What if these actions were adopted by US leftists? It would mean 1) replicating a protest model that prioritized unity amongst the non-Palestinian Israeli left over inclusion of Palestinians, 2) partnering with organizations that compromise their supposedly universal values when its politically expedient to do so, and 3) ignoring the people most affected by the right-wing’s political policies while reaching out to the right wing itself.

This is a recipe for disaster, not duplication.

We need to do precisely the opposite of what the Israeli left did in the past decade. Protest movements need to insist on including the people under the most threat from Republican governance instead of shutting them out for the sake of expediency. We need liberal institutions that are responsive to the grassroots and won’t compromise on their supposed values. And we need to build strong coalitions between people with shared interests in this country before we can successfully confront and defeat the forces of anger, not the other way around.

Although the authors take the time to acknowledge the successes of the right’s political coalitions, they leave out any analysis of the left’s political parties. Setting aside the fortunes of the parties in the Joint List and Meretz, Labor/Zionist Union during the period of this review is a study in moral and political failure. Its leadership failed to offer a vision that could be endorsed by a plurality of voters in the country, and instead focused on mimicking the right so as to appear tough on the Palestinians. Its leader, Isaac Herzog, embarrassed himself with his unconvincing strong man rhetoric and repeated attempts to join the right’s governing coalition. By trying to run to the center Herzog eliminated any motivating distinctions between himself and Likud, and has continued that behavior since losing the 2015 election. Duss himself aptly pointed out how bankrupt Zionist Union’s agenda has been — saying that Herzog’s plan “is an alternative to Netanyahu’s only in the sense that smoking one pack of cigarettes a day is an alternative to smoking two.”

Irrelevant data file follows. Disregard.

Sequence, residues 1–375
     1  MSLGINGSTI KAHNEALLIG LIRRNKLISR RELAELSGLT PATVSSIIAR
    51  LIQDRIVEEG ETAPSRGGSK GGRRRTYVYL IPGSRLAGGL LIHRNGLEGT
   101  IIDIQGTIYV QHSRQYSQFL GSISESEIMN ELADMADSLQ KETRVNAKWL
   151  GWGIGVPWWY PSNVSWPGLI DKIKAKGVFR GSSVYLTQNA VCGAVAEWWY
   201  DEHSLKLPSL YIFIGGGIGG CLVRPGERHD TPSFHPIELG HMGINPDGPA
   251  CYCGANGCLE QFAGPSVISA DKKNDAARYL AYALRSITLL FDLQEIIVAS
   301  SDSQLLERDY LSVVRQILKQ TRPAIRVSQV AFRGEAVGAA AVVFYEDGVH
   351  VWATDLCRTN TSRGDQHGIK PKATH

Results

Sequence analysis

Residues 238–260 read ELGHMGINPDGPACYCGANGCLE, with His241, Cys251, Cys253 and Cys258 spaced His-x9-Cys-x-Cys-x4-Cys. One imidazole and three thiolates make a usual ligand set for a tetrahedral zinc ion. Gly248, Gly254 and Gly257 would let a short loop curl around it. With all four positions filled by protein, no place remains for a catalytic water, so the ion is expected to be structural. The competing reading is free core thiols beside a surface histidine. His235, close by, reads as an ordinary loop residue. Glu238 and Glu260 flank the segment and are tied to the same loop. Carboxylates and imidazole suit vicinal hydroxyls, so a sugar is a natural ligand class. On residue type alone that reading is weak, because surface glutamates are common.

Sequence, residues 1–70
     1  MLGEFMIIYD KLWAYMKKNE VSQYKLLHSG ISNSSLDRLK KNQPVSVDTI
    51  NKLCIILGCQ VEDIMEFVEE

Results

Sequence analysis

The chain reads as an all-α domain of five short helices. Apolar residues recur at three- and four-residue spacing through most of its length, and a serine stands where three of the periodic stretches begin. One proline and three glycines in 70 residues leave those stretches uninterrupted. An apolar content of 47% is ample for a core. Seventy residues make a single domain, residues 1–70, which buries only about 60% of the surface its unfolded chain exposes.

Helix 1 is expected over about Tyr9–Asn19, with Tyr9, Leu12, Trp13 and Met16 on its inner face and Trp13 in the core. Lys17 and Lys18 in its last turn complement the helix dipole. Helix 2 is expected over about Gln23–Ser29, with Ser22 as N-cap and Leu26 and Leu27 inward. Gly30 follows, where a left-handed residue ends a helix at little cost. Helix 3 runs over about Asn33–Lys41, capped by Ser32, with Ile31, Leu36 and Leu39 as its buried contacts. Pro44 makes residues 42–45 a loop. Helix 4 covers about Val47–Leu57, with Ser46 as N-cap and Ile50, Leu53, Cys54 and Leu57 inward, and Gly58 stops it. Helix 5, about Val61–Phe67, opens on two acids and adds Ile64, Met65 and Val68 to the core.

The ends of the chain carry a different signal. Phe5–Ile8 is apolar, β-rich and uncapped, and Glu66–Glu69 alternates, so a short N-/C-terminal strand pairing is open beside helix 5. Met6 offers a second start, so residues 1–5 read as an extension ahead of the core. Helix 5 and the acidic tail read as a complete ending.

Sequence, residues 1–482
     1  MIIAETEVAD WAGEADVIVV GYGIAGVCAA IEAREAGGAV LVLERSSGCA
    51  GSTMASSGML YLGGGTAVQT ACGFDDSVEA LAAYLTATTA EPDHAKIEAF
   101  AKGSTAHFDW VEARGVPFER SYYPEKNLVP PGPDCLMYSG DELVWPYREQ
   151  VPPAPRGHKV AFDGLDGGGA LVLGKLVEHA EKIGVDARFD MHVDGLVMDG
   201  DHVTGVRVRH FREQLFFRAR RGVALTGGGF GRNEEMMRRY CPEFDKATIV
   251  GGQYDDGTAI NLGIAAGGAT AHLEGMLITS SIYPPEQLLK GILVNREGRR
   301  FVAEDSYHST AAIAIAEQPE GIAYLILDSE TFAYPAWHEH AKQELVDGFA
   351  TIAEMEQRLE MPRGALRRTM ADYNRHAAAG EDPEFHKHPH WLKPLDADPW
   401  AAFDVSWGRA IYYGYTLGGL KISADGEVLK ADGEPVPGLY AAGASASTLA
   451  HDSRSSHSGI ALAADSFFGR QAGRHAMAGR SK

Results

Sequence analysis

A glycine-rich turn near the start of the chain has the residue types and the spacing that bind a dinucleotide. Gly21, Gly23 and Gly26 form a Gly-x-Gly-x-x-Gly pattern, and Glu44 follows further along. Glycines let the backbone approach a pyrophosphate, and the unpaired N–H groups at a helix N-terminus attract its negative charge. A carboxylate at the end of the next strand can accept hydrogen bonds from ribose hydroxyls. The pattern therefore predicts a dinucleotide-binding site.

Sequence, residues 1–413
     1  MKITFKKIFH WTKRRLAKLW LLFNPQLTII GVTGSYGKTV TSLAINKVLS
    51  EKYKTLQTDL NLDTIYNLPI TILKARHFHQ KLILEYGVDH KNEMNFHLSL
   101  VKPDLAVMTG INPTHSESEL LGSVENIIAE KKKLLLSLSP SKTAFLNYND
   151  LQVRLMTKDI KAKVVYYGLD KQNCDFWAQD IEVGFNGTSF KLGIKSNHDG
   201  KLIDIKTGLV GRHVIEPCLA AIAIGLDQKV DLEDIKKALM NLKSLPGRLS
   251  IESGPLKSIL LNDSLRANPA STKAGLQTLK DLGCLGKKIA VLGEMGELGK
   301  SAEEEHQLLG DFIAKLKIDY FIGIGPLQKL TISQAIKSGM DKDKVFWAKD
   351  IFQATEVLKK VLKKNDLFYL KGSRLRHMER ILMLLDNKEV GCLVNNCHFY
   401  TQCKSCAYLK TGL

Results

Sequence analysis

We need to work hard to make sure that the Democratic Party doesn’t go down that route with Trump — it is morally reprehensible, and it will only succeed in eroding the basis of support the party might have amongst the majority of the country that opposes Trump and the Republican Party and will support a dignified and principled alternative.

It is sobering but but necessary to admit that the Israeli left that Duss and Scheindlin refer to (it is never explicitly clear what they consider part of it and what they don’t) has largely failed in the past decade. That failure meant non-stop violence against Palestinians in the occupied territories, calcified occupation, declining democratic freedoms, and very likely the end of the two state solution.

In the month since November 8th, recasting the Israeli left’s mis-steps over the past decade as a model for the US left is as dangerous an exercise in wishful thinking as I’ve seen.